Moellenberg: In Kivalina v. ExxonMobil, public officials from small towns in Alaska sued a number of coal, oil, and utility companies alleging that they were contributing to global warming. They claimed that the companies through their trade associations had conspired to downplay the severity of global warming in order to provide services and sell products that contributed to greenhouse gas emissions. Asserting a public nuisance, the town officials claimed that the companies "conspired to create a false scientific debate about global warming in order to deceive the public." The public officials demanded that the defendants pay the cost of relocating their towns, which in their view would become uninhabitable owing to global warming. The suit has been dismissed by the federal trial court in California but will likely be going up on appeal. The problem from the First Amendment standpoint is that the lawsuit seems to be premised on suppressing companies' rights to express their viewpoints on global warming, to engage in scientific research that may challenge the "orthodox" view, or to offer their experience and expertise on how to mitigate global warming.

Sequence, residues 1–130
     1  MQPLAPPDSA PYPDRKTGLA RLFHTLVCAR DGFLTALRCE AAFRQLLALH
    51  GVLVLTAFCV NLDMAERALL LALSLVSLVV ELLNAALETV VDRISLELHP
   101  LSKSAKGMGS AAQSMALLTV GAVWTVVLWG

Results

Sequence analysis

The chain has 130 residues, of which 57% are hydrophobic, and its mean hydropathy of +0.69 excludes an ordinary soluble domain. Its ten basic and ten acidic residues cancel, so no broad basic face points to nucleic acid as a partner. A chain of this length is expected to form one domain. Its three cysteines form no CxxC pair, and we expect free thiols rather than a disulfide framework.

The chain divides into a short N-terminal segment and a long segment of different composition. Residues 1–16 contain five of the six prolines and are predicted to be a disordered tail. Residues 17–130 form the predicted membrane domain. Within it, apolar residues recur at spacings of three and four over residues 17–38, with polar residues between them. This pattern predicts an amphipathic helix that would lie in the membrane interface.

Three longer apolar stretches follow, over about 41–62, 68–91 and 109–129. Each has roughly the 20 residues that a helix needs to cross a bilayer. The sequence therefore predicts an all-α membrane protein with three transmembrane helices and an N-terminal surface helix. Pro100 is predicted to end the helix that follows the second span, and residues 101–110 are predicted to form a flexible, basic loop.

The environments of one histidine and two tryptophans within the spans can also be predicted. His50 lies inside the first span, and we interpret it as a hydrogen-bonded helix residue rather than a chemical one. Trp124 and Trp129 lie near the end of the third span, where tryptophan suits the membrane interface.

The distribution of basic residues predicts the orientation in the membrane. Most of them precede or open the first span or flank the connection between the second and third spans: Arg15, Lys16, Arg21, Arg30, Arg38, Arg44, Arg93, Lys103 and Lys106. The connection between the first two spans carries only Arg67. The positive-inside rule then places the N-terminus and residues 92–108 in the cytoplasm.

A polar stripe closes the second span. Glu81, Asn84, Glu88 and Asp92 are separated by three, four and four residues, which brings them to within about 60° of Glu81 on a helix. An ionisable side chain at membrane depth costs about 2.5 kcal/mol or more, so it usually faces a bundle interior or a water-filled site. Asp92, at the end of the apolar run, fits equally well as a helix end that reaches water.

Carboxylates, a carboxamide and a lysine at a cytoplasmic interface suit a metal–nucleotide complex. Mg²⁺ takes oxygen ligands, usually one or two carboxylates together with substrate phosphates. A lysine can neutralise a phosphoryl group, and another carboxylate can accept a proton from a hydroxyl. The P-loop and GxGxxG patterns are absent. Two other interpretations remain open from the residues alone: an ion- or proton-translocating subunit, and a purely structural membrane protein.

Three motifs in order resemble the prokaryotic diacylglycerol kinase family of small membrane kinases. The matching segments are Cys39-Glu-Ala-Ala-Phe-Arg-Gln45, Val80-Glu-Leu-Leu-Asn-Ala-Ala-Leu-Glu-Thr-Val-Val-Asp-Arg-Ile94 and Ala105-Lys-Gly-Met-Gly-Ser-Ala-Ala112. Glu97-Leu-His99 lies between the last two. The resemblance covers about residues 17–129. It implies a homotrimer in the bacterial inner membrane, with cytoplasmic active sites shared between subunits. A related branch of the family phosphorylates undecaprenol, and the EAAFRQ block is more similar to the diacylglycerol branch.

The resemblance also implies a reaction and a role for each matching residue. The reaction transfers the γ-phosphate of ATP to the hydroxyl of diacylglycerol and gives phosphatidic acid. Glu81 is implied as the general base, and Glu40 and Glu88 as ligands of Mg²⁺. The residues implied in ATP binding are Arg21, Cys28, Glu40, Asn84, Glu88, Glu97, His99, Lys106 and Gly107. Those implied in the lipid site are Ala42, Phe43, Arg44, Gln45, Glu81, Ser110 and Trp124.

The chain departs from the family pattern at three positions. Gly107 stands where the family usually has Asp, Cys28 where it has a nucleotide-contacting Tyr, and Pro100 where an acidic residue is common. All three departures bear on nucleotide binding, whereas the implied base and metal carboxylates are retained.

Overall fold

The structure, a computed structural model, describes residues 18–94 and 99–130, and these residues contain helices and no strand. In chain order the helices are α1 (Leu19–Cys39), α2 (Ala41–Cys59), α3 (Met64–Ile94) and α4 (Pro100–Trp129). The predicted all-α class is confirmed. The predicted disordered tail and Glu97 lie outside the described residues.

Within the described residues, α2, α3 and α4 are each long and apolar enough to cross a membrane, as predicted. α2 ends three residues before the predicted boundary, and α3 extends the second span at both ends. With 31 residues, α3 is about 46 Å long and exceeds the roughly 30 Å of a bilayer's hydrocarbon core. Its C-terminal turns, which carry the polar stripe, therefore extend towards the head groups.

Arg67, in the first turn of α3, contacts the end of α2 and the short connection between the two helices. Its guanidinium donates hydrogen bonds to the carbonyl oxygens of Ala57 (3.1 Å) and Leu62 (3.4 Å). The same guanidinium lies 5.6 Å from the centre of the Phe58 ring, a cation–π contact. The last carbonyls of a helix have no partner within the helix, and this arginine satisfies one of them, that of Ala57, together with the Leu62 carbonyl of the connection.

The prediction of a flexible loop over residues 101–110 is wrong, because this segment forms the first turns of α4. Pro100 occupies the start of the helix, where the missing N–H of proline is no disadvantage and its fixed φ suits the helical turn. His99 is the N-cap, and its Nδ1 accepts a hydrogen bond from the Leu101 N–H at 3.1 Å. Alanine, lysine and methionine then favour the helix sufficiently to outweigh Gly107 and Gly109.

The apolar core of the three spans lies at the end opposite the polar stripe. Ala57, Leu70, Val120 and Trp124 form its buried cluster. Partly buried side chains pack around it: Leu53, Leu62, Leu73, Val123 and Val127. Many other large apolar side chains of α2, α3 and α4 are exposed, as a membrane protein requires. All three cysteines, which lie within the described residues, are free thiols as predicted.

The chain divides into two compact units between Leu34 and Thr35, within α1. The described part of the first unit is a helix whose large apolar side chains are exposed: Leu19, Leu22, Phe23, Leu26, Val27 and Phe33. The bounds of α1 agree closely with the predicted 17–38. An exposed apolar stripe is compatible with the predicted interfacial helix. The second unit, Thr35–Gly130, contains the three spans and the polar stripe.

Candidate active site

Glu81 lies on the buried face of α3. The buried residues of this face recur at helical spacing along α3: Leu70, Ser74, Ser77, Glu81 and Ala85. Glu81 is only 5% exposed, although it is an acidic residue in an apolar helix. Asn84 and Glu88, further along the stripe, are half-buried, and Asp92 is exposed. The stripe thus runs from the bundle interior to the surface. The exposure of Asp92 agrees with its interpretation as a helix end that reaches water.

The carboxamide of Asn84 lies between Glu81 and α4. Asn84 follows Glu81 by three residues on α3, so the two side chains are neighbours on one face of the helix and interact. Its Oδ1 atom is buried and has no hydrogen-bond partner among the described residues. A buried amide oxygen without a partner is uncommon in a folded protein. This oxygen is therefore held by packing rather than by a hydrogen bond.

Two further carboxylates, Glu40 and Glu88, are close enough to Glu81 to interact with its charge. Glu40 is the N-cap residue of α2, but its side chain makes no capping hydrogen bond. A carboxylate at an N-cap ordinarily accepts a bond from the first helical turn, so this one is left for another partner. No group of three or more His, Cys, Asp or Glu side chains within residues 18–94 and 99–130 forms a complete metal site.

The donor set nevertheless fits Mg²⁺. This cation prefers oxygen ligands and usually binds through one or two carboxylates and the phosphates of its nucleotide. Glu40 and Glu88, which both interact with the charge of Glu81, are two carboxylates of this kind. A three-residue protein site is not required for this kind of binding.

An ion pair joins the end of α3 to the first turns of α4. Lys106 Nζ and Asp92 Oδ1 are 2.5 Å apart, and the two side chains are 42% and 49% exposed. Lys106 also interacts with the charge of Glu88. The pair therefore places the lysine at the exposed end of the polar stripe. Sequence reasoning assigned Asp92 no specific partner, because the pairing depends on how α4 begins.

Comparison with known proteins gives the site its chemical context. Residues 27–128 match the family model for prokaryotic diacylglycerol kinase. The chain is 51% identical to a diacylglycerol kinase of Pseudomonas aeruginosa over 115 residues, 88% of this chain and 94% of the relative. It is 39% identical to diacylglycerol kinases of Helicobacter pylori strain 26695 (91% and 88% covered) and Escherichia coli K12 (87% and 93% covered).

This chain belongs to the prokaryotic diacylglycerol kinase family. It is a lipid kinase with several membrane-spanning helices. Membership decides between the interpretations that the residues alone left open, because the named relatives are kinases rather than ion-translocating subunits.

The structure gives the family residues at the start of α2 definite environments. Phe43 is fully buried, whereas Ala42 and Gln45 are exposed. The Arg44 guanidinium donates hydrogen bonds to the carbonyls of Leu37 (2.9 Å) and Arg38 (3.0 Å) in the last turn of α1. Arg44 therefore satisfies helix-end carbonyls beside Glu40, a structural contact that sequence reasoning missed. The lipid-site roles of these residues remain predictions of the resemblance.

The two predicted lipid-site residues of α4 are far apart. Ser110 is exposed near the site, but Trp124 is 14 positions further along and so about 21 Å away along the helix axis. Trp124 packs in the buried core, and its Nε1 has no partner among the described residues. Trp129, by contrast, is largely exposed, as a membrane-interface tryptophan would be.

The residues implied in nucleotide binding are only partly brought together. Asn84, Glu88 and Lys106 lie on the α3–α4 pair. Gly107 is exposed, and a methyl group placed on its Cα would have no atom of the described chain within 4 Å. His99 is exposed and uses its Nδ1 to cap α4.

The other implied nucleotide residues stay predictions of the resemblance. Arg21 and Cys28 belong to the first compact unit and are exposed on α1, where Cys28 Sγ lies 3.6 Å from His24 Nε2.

Editor: An equally egregious case involving a trampling of First Amendment rights was that brought by the Attorney General of Rhode Island against the Lead Industries Association in 2001. ( Rhode Island v. Lead Indust. Ass'n , No. 99-5226, 2001 WL 345830). In July 2008 the jury verdict against the defendants was reversed by the Rhode Island Supreme Court, but without mention of First Amendment arguments. Why was this case such an unfortunate development in protecting the free speech of associations?
Moellenberg: The Attorney General of Rhode Island sued a number companies that many decades ago had made lead pigments for paints. The Attorney General claimed that a trade association to which some of the lead manufacturers had belonged had lobbied to oppose regulation of lead paints and had attempted to challenge particular medical studies as part of a continuing conspiracy to conceal health risks of lead paint. The problem is that the Attorney General attempted to hold corporations liable simply because they belonged to a trade association. A well-established First Amendment principle holds that members of an association are not liable simply because they are members, particularly when the association has lawful goals, whether to advance civil rights or to promote products. The unfortunate consequence would be that the public would be deprived of the corporation's knowledge and expertise in areas where it has unique know-how.